This is a difficult question. People who are not trained biologists have described many valid, (as well as invalid) species. In Conus one thinks, of course, of Reeve and Sowerby in the last century. One of the delightful and rewarding aspects of biology is that anyone with a keen eye can see something in the biological world that no one has described before. One does not need a lot of training, or knowledge of how to use complex apparatus as one does nowadays in the physical sciences. However, this does not excuse the untrained biologist from playing the game by the rules.

Anyone who makes taxonomic studies that he considers of scientific importance, such as the description of a new species, should submit his reports only to carefully refereed scientific journals, where they will be critically reviewed by competent taxonomists who are knowledgeable about modern techniques of systematic biology. This system has worked well for many years.

The referees selected by the editor review the quality of the evidence presented and judge how well it supports the hypotheses advanced. The editor's decision on whether the paper merits publication is based on these reports. The system protects the author from making statements in print that he will later regret. Descriptions of new species in publications that do not meet these standards will be widely ignored, and justifiably so.

Another problem that seems endemic to molluscs is that many people do not understand that absolutely no honor is associated with describing a new species. There is only responsibility - a heavy responsibility, for the author of a new species stakes his reputation on his defense of the new name as denoting a real, previously undescribed species, representing breeding populations of many individuals, outside the range of variation of all previously described species.

Now I have complained a good deal about the poor quality of descriptions of new Conus species that have appeared between 1758 and 1979. Most do not really permit identification, and they have been responsible for the vast proliferation of new species names, now exceeding 3,000. Why can't specimens be identified from the original descriptions and illustrations of new species?

Typically, the reason is that the author fails to provide enough information about the range of within-species variation, and he fails to tell how to distinguish this from differences between species.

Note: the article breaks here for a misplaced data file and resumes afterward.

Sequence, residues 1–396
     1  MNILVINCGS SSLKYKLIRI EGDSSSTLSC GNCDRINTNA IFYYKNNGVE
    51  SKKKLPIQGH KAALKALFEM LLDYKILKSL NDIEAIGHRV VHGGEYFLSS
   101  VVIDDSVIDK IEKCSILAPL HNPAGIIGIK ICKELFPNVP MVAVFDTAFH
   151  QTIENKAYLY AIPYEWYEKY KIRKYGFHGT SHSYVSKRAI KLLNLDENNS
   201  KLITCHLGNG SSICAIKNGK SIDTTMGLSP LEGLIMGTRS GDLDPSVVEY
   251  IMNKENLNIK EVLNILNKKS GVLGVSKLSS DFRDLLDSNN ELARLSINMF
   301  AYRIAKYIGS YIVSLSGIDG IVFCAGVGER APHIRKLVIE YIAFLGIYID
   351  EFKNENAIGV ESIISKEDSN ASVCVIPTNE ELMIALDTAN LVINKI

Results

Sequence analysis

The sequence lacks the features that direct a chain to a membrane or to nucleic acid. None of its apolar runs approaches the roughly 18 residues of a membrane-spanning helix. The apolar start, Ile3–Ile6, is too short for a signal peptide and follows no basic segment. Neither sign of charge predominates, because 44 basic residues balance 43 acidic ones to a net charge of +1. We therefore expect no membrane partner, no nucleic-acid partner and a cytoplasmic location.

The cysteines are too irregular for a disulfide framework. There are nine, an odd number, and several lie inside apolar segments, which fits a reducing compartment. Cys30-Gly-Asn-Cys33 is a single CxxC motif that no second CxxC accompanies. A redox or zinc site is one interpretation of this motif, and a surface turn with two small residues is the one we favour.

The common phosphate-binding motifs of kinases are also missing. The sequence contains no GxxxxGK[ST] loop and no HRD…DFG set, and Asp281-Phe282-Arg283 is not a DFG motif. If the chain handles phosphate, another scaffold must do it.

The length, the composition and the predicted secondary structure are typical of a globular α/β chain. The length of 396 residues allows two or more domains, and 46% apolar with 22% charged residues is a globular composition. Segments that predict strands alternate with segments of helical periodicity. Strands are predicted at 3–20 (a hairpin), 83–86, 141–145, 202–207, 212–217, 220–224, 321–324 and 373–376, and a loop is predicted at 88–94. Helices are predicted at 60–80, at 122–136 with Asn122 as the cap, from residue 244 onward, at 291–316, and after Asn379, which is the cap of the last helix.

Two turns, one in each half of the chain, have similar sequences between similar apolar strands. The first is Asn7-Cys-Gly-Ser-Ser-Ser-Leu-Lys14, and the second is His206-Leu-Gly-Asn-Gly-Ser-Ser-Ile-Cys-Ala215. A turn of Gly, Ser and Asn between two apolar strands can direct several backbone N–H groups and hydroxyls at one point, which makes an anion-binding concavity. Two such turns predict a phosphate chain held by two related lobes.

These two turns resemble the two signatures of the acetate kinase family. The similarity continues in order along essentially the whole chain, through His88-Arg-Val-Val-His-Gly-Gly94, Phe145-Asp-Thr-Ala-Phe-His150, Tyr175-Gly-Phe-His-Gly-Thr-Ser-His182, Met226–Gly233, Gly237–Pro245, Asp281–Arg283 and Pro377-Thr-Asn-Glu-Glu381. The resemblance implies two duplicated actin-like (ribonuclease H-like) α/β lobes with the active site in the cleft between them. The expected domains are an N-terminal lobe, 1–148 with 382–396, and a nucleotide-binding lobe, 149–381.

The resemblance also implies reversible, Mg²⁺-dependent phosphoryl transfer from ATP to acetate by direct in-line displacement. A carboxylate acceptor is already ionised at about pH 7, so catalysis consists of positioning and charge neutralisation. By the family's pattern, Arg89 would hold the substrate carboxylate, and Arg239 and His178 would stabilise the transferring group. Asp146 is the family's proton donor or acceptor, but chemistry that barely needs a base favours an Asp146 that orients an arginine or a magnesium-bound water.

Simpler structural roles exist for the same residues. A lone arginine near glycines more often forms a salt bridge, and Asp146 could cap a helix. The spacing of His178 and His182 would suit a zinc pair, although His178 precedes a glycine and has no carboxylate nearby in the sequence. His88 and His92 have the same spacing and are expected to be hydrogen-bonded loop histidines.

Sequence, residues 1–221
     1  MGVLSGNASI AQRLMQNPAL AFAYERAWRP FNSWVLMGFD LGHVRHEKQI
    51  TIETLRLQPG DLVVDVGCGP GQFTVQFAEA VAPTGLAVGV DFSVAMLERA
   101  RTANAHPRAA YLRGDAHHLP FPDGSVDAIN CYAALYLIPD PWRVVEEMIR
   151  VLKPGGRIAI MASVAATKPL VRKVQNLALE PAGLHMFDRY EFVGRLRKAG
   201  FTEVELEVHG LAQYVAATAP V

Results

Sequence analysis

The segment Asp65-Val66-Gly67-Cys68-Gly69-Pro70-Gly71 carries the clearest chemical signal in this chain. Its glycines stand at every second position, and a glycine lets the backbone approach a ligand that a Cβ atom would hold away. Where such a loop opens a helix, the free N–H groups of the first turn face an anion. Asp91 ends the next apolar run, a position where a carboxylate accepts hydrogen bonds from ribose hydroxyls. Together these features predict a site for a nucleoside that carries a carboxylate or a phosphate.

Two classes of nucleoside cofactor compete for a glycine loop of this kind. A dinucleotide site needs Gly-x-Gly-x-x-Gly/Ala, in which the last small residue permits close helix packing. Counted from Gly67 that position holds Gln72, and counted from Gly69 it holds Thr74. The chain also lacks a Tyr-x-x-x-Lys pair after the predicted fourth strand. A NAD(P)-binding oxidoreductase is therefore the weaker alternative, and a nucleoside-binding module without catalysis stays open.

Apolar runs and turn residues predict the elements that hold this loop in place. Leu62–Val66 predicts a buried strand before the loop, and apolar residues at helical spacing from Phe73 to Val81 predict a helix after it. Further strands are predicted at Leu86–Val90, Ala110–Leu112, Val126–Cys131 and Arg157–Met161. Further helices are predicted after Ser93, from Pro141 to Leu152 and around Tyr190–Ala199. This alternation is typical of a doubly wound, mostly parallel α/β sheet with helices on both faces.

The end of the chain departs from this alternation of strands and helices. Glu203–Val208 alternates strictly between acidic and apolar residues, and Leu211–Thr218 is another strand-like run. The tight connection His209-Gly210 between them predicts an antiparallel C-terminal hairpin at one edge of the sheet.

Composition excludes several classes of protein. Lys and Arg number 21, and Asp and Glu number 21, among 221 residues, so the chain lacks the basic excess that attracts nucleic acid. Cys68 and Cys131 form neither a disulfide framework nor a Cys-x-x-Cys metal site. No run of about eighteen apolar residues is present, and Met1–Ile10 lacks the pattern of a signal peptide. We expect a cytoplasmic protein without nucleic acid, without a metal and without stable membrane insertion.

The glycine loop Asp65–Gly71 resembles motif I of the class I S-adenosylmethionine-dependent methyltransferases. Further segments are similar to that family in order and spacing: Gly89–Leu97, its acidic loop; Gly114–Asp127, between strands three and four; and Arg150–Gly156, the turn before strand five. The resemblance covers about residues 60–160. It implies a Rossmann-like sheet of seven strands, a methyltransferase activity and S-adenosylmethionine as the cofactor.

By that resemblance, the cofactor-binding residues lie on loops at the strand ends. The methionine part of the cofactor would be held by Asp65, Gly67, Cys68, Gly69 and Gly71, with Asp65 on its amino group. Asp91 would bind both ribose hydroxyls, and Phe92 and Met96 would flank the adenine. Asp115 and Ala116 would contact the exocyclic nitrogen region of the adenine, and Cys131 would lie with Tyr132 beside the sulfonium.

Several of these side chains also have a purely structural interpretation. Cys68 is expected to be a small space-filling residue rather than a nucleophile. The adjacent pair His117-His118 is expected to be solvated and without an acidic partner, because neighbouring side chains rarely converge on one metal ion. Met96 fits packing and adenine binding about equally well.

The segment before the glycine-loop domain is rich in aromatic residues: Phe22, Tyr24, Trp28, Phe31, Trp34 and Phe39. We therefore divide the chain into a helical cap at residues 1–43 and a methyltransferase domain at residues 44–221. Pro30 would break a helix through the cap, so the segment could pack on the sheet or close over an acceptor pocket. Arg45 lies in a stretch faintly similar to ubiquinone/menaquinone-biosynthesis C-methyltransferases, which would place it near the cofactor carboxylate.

This is an old problem; Lamarck was well aware of it in 1810, when he wrote, "Naturalists must grant a certain extent to the characters of the species, in order to include within its limits the varieties that appear to belong there. If one doesn't perceive how much variation exists, one is in danger of either overestimating or underestimating the extent of this variation.

It seems necessary to re-emphasize these words today. The bad descriptions of Conus species by early authors, who had few specimens, little communication with each other, less opportunity for field study, and little knowledge of geographic and morphological variation within species, have made a great deal of work for me in determining the right names for species on which I have made ecological studies. I have had to write a whole series of papers just to sort out the nomenclatural problems. Someone else will have to do this for the bad descriptions of Conus species by late twentieth century workers.

If all previous desciptions of new species of Conus are bad, what is a good description? Most importantly, it must distinguish the proposed new species from all previously described species in the genus. In practice, of course, in large genera this means the species must be distinguished from those species most similar to it. But it means that the author must examine all of the names, descriptions, and illustrations of previously described species to ensure that none already applies to the species he proposes to describe. I see little evidence that anyone has done this in Conus, where there are about 3,000 available species-group names.

It is desirable to use as many sets of characters as possible in describing a species. For prosobranch gastropods, this includes external anatomy, internal anatomy (particularly radula and jaws, if any, because they are hard structures), egg capsules and development, any available biochemical information and, of course, the periostracum and the shell itself.

In practice, shell characteristics are the most important, because the type specimens of all previously described species exist only as dry shells in museums. So it is particularly important to present as much information as possible on as large a sample of shells as possible. Because all characteristics vary from individual to individual in sexually reproducing animals, some objective measure of variation should be presented. The simplest and most convenient is the coefficient of variation, the ratio of the mean to the standard deviation. The standard error of the mean is also useful as it permits a rough direct determination of the probability that two entities were drawn from the same statistical population, that is, that two sets of shells belong to the same species.